available on compact disk, and presumably sounds the way she intended.
My former room-mate, a non-Christian and a professional musician, is an
enthusiastic admirer of her work and considers her a musical genius. Certainly
her compositional style is like nothing else we have from the twelfth
century. The play set to music is called the Ordo
Virtutum and show us a human soul who listens to the Virtues,
turns aside to follow the Devil, and finally returns to the Virtues, having
found that following the Devil does not make one happy.
She left us about seventy poems and nine books. Two
of them are books
of medical and pharmaceutical advice, dealing with the workings of
the human body and the properties of various herbs. (These books are based
on her observations and those of others, not on her visions.) I am told
that some modern researchers are now checking her statements in the hope
of finding some medicinal properties of some plant that has been overlooked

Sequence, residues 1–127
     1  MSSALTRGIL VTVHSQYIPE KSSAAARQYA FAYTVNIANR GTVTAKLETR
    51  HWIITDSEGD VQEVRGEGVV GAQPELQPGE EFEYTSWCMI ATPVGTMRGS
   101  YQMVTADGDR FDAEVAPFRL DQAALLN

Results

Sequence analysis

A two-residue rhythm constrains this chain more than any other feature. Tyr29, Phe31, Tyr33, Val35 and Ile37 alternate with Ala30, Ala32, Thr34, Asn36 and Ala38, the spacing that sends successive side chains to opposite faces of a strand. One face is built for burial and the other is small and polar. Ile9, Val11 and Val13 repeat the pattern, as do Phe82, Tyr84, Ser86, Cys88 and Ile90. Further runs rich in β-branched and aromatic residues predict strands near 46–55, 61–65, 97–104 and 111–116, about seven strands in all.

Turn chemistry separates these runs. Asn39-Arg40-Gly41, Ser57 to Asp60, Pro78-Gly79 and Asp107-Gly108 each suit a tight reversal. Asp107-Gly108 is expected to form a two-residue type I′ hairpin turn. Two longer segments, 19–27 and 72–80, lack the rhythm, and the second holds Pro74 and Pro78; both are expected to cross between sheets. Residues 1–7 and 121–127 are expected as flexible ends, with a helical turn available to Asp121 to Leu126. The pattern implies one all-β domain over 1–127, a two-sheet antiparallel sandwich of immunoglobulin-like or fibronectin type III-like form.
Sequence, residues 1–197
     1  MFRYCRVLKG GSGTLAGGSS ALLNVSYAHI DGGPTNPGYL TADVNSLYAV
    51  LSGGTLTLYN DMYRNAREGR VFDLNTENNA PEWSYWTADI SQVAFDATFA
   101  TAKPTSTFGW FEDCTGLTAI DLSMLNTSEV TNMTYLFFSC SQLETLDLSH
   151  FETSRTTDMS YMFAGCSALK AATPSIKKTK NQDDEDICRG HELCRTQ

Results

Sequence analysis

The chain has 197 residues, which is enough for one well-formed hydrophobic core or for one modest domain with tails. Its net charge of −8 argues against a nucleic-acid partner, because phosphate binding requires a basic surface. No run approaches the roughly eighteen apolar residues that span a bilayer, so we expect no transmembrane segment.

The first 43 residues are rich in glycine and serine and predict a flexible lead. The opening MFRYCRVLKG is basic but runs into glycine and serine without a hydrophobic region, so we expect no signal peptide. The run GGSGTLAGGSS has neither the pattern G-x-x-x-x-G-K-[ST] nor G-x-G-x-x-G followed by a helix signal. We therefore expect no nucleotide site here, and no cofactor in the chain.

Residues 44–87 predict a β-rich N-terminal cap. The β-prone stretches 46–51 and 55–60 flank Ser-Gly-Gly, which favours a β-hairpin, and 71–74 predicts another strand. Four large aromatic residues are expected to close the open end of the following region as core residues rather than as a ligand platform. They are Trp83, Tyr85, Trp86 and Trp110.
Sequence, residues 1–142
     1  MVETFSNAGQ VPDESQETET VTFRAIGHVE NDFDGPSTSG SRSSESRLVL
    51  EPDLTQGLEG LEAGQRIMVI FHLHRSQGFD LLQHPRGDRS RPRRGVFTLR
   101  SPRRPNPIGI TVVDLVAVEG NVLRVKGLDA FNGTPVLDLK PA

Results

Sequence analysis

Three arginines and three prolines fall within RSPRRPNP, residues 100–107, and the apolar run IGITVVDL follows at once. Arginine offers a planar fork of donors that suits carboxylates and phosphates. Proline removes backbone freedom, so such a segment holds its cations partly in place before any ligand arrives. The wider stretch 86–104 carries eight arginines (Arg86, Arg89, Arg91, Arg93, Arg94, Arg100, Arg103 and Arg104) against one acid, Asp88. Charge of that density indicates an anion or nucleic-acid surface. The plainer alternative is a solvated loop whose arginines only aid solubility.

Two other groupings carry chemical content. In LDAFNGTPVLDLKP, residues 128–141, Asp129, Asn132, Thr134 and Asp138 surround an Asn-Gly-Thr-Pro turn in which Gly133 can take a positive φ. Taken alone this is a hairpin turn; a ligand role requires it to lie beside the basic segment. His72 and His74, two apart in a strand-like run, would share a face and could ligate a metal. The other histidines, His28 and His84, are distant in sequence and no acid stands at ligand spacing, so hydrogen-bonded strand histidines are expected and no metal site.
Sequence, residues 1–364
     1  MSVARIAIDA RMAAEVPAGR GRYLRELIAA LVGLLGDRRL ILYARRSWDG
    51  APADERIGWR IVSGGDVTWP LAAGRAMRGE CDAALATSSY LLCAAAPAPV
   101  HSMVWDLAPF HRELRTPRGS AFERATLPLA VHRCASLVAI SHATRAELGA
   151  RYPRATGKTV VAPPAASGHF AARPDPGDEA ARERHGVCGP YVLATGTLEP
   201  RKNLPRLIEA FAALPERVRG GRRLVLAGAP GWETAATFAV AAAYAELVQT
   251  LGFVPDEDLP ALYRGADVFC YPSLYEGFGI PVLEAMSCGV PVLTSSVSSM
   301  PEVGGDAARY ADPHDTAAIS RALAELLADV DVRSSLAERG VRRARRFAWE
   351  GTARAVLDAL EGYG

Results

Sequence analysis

till now by modern medicine. She also wrote a commentary on the Gospels
and another on the Athanasian Creed. Much of her work has recently been
translated into English, part in series like Classics
of Western Spirituality, and part in other collections or separately.
If your university library or bookstore cannot help you, try a Christian
bookstore. If they do not have it, try a trendy (feminist, New Age, ecology)
But her major works are three books on theology: Scivias
("Know the paths!"), Liber
Vitae Meritorum (on ethics), and De
Operatione Dei. They deal (or at least the first and third do)
with the material of her visions. The visions, as she describes them,
are often enigmatic but deeply moving, and many who have studied them
believe that they have learned something from the visions that is not
easily put into words. On the other hand, we have the recent best-seller,
Man Who Mistook His Wife for a Hat, by Oliver Sacks, Professor
of Clinical Neurology at Albert Einstein College of Medicine, and author
and various other books. Professor Sacks is concerned with the relation
of the brain to the mind, and ways in which the phsical state of the nervous
system can affect our ways of perceiving reality. He views the pictures